James Cameron’s substantial use of New Zealand for Avatar and intention to settle there permanently speaks volumes for the territory’s film-making capability and the allure of its lifestyle.
Wild, rugged environments now share the limelight with New Zealand’s knack for digital creation of imaginary worlds and creatures. Other drawcards are generous financial incentives and crews that have honed their skills on Peter Jackson’s blockbusters.
The leading production hubs are Auckland in the north, capital city Wellington, and Queenstown and surrounds on the South Island. In the last year New Zealand has hosted Disney family adventure Pete’s Dragon; Legendary Pictures’ feature Krampus for Universal; Light Between Oceans for DreamWorks SKG; Crouching Tiger Hidden Dragon: The Green Legend for The Weinstein Company; the Thunderbirds Are Go! remake for ITV; The Shannara Chronicles for MTV; series Ash vs Evil Dead for Starz; and Power Rangers Dino Charge, a further instalment in the Saban franchise.
Good to know
New Zealand has opposite seasons to the northern hemisphere so offers snow in July and golden wheat fields in February.
An uncapped (cash) grant, equivalent to 20% of qualifying New Zealand production expenditure (QNZPE), is available if the QNZPE is more than $10m (NZ$15m) for features and $2.6m (NZ$4m) for television. An additional 5% is subject to an economic benefits test. Further information www.filmnz.com/financial-advantages/international-incentives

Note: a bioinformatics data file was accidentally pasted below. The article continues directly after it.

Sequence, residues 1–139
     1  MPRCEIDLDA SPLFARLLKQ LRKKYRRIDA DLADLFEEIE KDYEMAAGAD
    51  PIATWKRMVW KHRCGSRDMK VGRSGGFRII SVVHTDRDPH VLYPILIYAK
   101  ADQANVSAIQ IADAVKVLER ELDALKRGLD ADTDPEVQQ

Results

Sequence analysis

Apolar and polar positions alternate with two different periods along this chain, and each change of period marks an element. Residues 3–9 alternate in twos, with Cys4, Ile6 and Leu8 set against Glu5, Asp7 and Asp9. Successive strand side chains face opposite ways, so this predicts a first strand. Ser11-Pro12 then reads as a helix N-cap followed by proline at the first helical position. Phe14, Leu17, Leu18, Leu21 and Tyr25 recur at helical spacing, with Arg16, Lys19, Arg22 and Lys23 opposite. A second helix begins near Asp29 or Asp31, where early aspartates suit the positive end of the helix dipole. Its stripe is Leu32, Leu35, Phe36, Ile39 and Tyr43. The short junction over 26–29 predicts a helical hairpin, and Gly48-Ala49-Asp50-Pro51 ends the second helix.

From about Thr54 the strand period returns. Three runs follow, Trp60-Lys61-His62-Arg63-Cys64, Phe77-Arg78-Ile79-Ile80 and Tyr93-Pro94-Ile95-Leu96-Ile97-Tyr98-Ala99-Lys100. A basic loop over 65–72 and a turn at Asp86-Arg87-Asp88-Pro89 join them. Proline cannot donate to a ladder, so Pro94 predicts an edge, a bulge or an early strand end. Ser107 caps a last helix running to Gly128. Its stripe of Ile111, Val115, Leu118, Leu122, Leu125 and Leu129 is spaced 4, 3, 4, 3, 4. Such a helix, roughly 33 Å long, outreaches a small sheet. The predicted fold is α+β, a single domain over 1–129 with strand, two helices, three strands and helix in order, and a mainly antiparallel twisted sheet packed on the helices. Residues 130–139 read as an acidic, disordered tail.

The English-speaking crews include several Oscar winners. Auckland Film Studios, Studio West and Stone Street Studios are the biggest stage complexes.
Jaw-dropping scenery whether mountains, forest, lakes or coastline.
Where to stay
Five-star hotels, luxury lodges and boutique hotels abound, with houses and apartments hired for longer stays. Popular luxury hotels in Auckland include The Langham and Sofitel. In Wellington, the Museum Art Hotel impresses. Heritage Hotels is a reliable boutique brand.
Whether it is the background to a hiking adventure or just observed through a car window, the scenery is bewitching. The food and wine are also exceptional. Favourites include the Auckland’s Britomart district, Wynyard Quarter or Ponsonby Road; Wellington’s Cuba Street; and Queenstown’s Cafe Vudu and Amisfield winery and bistro.
New Zealand is a compact country, only slightly bigger than the UK. Both main islands have international airports and short flights connect the regions.
Barrie M Osborne, producer, Pete’s Dragon
“I love the spirit and ingenuity of the crews. The facilities such as Stone Street Studios, Park Road Post and Weta Digital are the type of world-class facilities you come to depend on to deliver ground- breaking films. The exceptional co-operation we received from the forestry industry and a timber mill allowing us to operate as though we were on a backlot was essential to both our creative vision and the safe execution of our production plan. The assistance from Film New Zealand and the communities of the greater Wellington region — Rotorua, Tokoroa, Tapanui, Gore and Invercargill — cut through red tape and made us feel at home.”
Would they return?
What could be improved?
“Stay competitive and build additional infrastructure,” says Osborne.
First person to call
Philippa Mossman, head of international screen attraction, Film New Zealand